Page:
The following text sets the context in which the briefing was given.
President Gorbachev’s late-1980s perestroika — starting changes in order to improve the system but then losing control — used to be Vladimir Putin’s worst nightmare but he now appears to be following in Gorbachev’s shoes.
Putin’s political transformation, started in January 2020, aimed to keep him in power beyond 2024 when his third presidential term ends. It was more or less going as initially planned — despite the oil price collapse and COVID-19 pandemic — until: the unsuccessful attempt to poison the country’s most visible opposition politician, Alexei Navalny; his escape to the West but subsequent return; and the resultant anti-Putin mass protests that followed. Although they were brutally suppressed by the siloviki, Putin’s legitimacy has started to erode which has put the system at existential risk and makes him a poisoned asset rather than a base for stability.
Nikolai Petrov — a professor at the political science department, National Research University Higher School of Economics, Moscow; and currently senior research fellow at the Chatham House, Russia and Eurasia programme — holds a PhD in geography from Moscow State University. For many years he was a scholar in residence at the Carnegie Moscow Center where he directed the Society and Regions project. In the 1990s he served for five years as an advisor to the Russian parliament, government, and presidential administration.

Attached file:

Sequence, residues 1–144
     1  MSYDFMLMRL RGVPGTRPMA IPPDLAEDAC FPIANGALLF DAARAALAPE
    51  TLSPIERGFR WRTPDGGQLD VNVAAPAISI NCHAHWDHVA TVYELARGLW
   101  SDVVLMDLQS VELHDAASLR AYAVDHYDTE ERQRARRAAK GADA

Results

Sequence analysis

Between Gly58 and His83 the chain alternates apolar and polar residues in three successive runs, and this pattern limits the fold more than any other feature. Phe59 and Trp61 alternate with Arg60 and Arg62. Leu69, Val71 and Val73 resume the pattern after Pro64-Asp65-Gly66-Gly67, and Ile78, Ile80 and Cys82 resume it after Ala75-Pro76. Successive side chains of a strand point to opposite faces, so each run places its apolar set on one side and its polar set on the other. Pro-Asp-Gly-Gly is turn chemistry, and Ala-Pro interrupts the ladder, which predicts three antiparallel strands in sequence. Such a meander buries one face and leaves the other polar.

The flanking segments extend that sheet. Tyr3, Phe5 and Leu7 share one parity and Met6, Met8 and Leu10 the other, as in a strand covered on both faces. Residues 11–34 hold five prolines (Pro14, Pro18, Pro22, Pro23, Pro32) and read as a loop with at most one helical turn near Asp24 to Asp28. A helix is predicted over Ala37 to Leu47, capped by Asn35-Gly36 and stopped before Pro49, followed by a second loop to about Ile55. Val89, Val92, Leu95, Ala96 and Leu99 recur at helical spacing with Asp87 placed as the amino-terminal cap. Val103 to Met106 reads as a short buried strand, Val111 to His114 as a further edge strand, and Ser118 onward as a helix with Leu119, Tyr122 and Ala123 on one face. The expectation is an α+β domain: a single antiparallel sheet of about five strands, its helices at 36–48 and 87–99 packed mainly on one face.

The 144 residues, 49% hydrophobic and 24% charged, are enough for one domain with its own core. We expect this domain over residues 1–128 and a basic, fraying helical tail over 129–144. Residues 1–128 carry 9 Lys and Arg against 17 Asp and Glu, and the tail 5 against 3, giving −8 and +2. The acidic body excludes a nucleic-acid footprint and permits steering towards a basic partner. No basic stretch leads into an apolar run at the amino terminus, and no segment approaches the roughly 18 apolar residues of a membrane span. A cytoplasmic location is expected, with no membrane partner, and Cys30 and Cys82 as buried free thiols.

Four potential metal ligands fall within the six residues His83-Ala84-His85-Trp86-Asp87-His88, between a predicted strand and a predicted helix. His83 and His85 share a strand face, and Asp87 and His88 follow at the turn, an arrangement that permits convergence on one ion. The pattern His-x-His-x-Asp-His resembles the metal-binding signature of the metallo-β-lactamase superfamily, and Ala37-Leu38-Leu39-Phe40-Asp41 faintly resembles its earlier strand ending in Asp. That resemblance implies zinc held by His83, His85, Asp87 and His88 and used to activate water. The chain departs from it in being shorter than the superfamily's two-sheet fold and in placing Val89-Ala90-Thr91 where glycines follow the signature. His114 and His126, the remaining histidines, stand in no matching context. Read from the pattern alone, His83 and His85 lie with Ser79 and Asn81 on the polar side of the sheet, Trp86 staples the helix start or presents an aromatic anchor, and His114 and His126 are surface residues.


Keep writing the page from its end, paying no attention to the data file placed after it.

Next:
He is the author or editor of numerous publications on Russia’s political regime, post-Soviet transformation, socioeconomic and political development. They include: Russia 2025: Scenarios for the Russian Future. Palgrave Macmillan (2013), The State of Russia: What Comes Next” (co-edited with Maria Lipman). Basingstoke: Palgrave Macmillan, 2015.
Dr Richard Connolly is a director of Eastern Advisory Group, and an associate fellow at the Royal United Services Institute (RUSI) in London. He was previously director of the Centre for Russian, European and Eurasian Studies (CREES) at the University of Birmingham and an associate fellow on the Russia and Eurasia Program at Chatham House. He is a specialist on the Russian economy and is the author of Russia’s Response to Sanctions (Cambridge University Press, 2018) and the Very Short Introduction to the Russian Economy (Oxford University Press, 2020).